This is an excerpt from the report on the workshop e-Governement and e-Knowledge – wider societal use of knowledge maps held in Sevilla, Spain, on 16-18 September, 2014.
The Workshop on eGovernement and eKnowledge – wider societal use of knowledge maps held in Sevilla, Spain on Sept. 16-18, 2014 was fortunately concomitant to a DYSES 2014 conference on “Methodological Advances in Social Sciences: Better comprehension, better decision-making”. The gathering took place at the Facultad de Turismo y Finanzas, Universidad de Sevilla. The workshop was a joint venture of WG 1, 2, 3, and 4 of KnoweScape (TD1210) in order to outline new topics of interest to the community, as in promising “New trends”.
The topics of the workshop was further defined to include tourism, religion, sport, legal and financial matters; the discussed topics were relevant to the analysis of complex social issues and explored possible ways of seeing the issue at hands, sometimes before pursuing work on definite research problems, but based on well acquired big data. This workshop provided a platform for cross fertilization of ideas from across various sciences to researchers in social sciences, economy, finance, sport, religion, history, tourism, with bases in standard disciplines, plus with an interest in contributing to public policy.
The original expectation was to gather 10 or so active participants, but in a networking spirit, the seminar room was opened to anyone interested. At some time, the audience was as large as 30. Most of the attendants were from Europe and in particular the TD1210 Action, but two invited speakers were one from Argentina and one from Japan. Alas, three intended participants had to withdraw due to complicated commitments appearing within the time of scheduling and getting the financial approval from the COST office.
Note that there was an overlap with DYSES through two invited speakers. Serge Galam (Paris Sorbonne) and Noemi Olivera (U. La Plata). The first was introduced by M. Ausloos (TD1210 MC). S. Galam talked about the effect of stubbornness as an instrumental key for winning a controversial public debate, when there are two groups having different opinions. N. Olivera discussed ways for modeling legal complexity. No need to say that the latter topics demand further considerations.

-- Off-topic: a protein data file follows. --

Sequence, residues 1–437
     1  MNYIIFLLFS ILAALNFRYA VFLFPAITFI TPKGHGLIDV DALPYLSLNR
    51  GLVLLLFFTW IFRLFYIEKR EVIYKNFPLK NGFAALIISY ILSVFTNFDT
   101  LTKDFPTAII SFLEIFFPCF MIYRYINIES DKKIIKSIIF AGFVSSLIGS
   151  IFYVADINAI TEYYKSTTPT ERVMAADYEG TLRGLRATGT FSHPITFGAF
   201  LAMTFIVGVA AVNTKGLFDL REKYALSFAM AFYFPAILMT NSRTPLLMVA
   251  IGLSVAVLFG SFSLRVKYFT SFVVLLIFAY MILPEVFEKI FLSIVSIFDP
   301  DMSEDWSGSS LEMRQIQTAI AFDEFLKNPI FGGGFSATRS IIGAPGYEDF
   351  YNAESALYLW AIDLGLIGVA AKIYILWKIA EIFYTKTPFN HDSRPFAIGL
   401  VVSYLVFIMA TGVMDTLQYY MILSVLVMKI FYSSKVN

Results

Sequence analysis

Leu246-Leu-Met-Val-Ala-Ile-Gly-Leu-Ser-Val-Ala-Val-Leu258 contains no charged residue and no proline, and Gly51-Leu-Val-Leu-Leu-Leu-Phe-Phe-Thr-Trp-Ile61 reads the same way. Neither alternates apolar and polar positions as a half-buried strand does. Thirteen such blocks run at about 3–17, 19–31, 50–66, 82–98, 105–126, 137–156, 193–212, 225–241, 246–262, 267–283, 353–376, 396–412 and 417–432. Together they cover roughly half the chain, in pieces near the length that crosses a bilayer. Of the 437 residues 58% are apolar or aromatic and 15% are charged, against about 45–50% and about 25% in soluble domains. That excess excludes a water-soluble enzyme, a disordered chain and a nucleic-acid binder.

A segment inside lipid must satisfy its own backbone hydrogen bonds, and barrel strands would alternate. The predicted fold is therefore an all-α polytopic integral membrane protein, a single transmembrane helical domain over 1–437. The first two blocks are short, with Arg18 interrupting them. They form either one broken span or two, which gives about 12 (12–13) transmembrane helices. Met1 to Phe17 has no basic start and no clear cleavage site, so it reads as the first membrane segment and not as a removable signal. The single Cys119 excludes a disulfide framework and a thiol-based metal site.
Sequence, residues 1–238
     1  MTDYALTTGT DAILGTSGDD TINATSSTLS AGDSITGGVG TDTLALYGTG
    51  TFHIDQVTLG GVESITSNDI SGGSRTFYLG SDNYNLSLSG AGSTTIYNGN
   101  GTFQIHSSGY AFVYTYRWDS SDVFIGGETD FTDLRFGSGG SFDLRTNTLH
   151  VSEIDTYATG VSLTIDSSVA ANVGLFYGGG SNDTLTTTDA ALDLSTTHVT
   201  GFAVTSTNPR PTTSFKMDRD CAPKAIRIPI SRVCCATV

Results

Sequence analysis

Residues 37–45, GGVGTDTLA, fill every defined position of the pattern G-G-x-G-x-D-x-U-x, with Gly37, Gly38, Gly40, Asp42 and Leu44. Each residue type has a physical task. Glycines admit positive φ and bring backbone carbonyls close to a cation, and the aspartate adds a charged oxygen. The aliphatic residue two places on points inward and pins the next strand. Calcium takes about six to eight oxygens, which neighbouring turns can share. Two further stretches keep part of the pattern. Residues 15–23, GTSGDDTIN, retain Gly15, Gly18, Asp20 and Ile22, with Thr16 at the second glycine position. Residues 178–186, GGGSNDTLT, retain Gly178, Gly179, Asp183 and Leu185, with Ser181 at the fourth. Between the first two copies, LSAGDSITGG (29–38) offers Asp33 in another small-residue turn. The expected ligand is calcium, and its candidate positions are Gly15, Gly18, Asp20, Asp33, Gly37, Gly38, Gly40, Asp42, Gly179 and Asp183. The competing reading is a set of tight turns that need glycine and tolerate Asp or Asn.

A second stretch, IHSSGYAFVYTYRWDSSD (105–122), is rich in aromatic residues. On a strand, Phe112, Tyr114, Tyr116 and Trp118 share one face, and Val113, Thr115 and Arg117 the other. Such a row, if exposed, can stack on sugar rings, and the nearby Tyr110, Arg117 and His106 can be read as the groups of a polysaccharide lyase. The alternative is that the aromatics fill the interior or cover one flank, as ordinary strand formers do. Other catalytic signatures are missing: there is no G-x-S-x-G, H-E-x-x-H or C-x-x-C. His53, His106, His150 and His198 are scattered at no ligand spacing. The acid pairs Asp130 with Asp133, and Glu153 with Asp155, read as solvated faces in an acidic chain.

In the introduction by the organizers of the specific workshop, the key themes to be explored were mentioned: 1. understanding and managing research and innovation policy in unusual domains; 2. managing big data and scalability issues for policy modeling; 3. examining mechanisms and components between complexity science and the socio-economic domains; 4. inducing a better comprehension of social features in order to reach a better decision-making process.
We thank M. Squillante (U. Sannio, Benevento, IT), Maria Rosario Gonzalez Rodriguez (U. Seville, Seville, Spain) as local organizer and and the young staff for making our stay enjoyable and fruitful.
Giulia Rotundo (Sapienza University of Rome, Rome, IT)
Dr. Marcel Ausloos (e-Humanities, KNAW, Amsterdam, and GRAPES, Liege, Belgium)
[excerpt made by Andrea Scharnhorst]
The full report can be found in the member section, or be requested from Giulia or Marcel.